Tuesday, April 3, 2012

The Birth of Physical Laws

Book Review: Free Will by Sam Harris

Well known atheist and New York Times bestselling author Sam Harris has authored a new book entitled Free Will that is dedicated to the proposition that free will is an illusion. The rationale is clear and compelling. It is a short monograph; the main content is about 70 pages followed by a section of references and endnotes.

Do we live in a deterministic universe? Is each future state of the universe determined absolutely by a prior state? Or is the opposite true? Can a certain state of the universe come into existence without absolute dependence on the constitution of a prior state? The key word is "absolute." If, for example, in any new state of the universe, a random element is introduced, then that state is not absolutely dependent on the prior state. This view of the universe is labeled as indeterminism.

The problem with the standard notion of free will is that it appears to be incompatible with either form of universe. Mr. Harris lays out the reasons for this very clearly. This understanding of free will is labeled as incompatibilism.

But, what exactly is the 'standard notion' of free will?  As Mr. Harris points out, the definition can vary and change over time from person to person.

Harris quotes Einstein:
Honestly, I cannot understand what people mean when they talk about the freedom of the human will. I have a feeling, for instance, that I will something or other; but what realtionship this has to freedom I cannot understand at all. I feel that I will to light my pipe and I do; but how can I connect this up with the idea of freedom? What is behind the act of willing to light the pipe? Another act of willing?
Einstein is not compelled to light the pipe.  If he were a robot, the lighting of the pipe would be part of the behavior 'detemined' by his programmer. So, when Einstein lights his pipe, who, or what, is doing the "determining?" 

NYU Professor of Philosophy Ned Block points out how in the face of incompatibility he decided to adopt a more restricted notion of free will. This position is labeled as compatiblism.

Tufts University Professor of Philosophy Daniel Dennett further refines a compatibilist view. We act because of reasons and further we share our reasons with one another. The concept of 'responsibility' is introduced as wearing its definition on its sleeve. We can be responsible to one another because we are capable of responding to one another.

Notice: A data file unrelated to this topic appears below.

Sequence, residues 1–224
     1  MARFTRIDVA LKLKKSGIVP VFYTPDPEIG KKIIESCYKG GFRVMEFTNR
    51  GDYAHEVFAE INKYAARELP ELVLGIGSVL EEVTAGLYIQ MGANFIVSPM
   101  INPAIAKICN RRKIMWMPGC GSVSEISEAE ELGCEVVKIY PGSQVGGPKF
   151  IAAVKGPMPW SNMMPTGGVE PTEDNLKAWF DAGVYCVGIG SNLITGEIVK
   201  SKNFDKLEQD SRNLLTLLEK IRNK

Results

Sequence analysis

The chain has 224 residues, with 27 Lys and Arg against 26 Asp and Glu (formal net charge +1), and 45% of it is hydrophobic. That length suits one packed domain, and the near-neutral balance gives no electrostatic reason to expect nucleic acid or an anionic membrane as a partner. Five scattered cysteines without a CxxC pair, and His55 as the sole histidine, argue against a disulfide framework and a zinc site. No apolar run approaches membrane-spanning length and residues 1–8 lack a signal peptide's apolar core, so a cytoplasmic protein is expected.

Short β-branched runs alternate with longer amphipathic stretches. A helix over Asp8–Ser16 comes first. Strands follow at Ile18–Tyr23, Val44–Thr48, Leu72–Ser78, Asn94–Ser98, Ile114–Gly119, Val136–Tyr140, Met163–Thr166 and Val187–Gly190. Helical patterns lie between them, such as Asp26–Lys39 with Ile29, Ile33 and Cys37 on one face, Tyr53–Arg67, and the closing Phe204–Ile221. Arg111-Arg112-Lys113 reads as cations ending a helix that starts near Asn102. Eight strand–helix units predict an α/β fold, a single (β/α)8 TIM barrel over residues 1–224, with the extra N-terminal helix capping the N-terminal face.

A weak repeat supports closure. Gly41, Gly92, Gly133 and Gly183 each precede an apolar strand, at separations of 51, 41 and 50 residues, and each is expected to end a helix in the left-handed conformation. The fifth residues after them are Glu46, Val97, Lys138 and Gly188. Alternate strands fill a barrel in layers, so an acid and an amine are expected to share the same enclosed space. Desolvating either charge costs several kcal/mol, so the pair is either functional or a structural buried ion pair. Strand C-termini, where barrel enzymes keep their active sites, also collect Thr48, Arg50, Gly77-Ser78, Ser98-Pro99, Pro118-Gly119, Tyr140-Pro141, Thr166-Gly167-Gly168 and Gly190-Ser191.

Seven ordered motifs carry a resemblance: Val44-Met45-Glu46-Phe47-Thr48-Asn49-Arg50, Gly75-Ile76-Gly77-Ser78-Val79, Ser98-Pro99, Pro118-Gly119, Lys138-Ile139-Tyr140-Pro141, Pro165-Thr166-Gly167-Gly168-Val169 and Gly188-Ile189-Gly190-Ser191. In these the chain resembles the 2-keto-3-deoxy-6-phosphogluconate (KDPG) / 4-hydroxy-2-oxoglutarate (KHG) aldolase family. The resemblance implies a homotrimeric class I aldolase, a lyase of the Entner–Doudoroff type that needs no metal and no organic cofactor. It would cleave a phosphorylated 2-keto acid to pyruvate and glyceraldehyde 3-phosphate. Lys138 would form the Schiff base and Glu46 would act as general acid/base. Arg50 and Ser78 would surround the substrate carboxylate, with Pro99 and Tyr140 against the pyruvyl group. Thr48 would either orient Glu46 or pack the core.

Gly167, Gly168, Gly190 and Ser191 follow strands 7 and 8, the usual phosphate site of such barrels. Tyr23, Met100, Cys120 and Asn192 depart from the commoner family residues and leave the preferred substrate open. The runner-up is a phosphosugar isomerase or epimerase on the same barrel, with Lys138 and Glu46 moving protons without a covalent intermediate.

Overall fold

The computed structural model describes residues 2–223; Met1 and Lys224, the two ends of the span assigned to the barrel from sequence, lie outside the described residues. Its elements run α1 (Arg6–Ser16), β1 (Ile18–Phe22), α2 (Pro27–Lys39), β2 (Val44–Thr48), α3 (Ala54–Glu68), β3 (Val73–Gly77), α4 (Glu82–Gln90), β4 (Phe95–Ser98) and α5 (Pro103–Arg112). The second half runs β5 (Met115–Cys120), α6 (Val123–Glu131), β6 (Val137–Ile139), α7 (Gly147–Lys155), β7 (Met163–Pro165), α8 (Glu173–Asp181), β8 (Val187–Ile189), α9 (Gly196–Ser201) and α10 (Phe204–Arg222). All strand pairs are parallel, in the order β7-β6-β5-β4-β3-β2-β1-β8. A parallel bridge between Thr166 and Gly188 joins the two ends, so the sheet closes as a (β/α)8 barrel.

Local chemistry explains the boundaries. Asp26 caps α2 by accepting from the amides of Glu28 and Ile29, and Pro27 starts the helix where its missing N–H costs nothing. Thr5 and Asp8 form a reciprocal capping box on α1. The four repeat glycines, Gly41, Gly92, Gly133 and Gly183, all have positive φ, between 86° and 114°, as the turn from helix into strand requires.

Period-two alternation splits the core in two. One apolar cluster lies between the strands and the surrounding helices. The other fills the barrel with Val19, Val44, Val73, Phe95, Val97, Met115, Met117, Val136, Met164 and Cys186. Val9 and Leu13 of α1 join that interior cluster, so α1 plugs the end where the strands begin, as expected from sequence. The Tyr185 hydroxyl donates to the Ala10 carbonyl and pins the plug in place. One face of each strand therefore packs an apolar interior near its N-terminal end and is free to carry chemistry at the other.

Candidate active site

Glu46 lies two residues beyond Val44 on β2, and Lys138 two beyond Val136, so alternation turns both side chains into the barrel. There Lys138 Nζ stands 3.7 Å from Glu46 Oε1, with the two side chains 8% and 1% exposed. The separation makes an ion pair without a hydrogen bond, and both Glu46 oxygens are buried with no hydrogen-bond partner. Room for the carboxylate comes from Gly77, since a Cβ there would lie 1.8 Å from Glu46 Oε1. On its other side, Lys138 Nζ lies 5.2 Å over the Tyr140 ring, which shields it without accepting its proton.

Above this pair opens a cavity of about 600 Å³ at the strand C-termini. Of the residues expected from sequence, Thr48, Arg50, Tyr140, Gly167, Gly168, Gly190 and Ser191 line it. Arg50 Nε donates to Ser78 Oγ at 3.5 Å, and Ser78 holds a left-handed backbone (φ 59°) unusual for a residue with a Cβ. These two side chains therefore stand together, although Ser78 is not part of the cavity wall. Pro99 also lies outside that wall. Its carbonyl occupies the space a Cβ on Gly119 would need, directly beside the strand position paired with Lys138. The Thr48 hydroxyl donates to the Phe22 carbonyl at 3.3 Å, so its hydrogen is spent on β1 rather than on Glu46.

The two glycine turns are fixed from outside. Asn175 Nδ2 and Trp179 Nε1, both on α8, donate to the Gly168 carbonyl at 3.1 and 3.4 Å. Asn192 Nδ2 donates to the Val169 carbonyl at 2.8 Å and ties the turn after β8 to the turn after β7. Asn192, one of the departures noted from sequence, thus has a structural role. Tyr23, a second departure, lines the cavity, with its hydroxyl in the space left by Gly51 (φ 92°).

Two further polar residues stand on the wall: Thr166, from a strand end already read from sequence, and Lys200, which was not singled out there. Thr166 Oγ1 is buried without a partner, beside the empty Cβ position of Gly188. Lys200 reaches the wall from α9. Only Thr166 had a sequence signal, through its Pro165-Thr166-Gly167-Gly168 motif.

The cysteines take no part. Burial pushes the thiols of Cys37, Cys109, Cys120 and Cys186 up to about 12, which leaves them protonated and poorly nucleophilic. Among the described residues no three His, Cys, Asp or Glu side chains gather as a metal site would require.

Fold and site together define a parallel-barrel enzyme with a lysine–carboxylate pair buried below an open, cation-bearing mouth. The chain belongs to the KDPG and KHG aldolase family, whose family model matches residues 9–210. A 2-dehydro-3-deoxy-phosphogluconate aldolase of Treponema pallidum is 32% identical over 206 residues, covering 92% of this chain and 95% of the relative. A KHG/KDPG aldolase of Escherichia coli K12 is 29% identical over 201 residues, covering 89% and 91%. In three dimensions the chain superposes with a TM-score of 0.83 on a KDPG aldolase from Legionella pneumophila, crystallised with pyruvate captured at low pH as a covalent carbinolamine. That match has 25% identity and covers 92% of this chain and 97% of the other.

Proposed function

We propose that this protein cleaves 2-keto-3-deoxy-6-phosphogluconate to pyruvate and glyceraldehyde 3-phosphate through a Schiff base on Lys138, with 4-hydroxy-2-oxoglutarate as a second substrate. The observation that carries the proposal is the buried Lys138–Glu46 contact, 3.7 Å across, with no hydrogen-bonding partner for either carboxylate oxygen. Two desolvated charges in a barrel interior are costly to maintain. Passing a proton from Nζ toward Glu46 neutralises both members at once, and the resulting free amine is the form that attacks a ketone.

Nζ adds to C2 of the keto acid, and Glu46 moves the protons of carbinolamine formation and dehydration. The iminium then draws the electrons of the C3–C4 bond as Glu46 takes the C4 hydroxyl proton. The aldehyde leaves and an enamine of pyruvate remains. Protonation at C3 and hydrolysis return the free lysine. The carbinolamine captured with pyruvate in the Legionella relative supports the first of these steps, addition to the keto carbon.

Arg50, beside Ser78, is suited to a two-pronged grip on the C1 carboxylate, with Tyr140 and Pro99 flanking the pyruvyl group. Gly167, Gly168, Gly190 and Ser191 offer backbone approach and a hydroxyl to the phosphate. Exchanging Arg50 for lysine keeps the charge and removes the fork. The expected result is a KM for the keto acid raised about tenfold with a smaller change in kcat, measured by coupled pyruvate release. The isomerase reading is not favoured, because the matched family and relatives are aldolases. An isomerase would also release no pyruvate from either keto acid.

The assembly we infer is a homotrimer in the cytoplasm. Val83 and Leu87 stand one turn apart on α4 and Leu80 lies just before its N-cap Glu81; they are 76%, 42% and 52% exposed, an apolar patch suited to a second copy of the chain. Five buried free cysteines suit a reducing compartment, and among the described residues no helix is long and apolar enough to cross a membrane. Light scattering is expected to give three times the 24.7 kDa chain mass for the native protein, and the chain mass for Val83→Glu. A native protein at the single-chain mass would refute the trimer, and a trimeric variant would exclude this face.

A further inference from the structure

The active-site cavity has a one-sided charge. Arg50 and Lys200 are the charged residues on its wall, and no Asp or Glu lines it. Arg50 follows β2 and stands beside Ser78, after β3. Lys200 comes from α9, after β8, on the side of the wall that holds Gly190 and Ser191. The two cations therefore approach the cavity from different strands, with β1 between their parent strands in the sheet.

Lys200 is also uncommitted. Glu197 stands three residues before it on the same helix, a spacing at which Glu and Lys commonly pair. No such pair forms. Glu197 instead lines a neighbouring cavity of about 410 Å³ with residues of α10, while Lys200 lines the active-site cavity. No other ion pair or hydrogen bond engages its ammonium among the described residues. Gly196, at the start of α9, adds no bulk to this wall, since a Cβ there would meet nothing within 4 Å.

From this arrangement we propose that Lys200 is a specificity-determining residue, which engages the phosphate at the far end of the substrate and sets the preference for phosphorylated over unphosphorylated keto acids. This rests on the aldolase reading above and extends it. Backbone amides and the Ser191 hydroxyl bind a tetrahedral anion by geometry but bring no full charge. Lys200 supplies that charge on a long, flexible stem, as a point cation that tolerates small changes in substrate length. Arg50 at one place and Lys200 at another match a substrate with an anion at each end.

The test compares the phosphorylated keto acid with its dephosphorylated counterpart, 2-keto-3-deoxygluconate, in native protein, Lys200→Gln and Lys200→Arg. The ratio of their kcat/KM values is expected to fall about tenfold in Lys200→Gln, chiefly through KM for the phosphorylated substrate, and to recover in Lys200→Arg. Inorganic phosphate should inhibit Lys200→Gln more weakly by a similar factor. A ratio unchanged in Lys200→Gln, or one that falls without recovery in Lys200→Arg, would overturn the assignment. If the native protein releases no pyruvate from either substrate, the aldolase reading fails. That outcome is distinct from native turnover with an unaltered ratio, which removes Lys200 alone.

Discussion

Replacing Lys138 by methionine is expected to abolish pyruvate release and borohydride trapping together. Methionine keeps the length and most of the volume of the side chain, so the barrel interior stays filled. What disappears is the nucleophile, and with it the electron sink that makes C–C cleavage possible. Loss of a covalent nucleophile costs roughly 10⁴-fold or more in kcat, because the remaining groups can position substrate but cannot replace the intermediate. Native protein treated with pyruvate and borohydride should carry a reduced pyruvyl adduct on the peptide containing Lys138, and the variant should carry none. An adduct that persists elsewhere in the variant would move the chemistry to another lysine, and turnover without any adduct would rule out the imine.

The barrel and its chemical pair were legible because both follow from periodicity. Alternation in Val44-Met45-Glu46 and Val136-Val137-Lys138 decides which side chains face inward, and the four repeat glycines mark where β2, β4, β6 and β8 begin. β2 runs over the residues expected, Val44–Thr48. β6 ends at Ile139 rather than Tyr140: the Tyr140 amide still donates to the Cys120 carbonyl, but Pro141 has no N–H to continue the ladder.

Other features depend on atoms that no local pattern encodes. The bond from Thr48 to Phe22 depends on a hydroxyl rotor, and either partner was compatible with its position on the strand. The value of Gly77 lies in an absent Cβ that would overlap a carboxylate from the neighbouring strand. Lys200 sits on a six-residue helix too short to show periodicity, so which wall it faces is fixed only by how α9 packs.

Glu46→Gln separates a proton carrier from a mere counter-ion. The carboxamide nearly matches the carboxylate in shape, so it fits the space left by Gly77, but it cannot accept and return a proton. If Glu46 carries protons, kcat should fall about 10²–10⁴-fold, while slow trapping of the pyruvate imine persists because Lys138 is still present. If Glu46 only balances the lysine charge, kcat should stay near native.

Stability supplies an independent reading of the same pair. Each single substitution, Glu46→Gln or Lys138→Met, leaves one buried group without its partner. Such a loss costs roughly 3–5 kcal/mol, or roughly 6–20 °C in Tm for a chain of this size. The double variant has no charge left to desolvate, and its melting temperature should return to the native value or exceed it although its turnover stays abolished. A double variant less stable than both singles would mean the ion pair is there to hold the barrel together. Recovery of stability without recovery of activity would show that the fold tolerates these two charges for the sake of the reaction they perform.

University of Reading Professor of Philosophy Galen Strawson’s argument against free will is based on a definition of free will as the individuals being solely, ultimately, and singularly responsible for his decisions. Mr. Harris maintains similar positions throughout his book.

Must the notion of free will be glued to the notion of responsibility? Some theists propose that the answer is yes, implying that one is responsible to God, however this is a non-sequiter.  Free will can be a bona-fide subject of discussion in both created and non-created universes. The concept of free will, in and of itself, cannot be associated with a concept of responsibility, until one first defines the concept of free will and then answers the question: "To whom, if anyone, is one responsible?"  Free will can exist without regard to the asking or the answering of that question. 

All choices are constrained by the physical laws of the universe. For example, if one is starving and finds two bushes of berries, one red and the other blue, he must make a decision as to which one of them, if any, is safe to eat. He must eat, and his choices are restricted, but he is free to make a choice. This is absolute freedom in every sense of the word. He is not compelled by prior circumstances to choose red over blue or vice versa. He can flip a coin, or perhaps he can feed some of the berries to animals to observe their effect.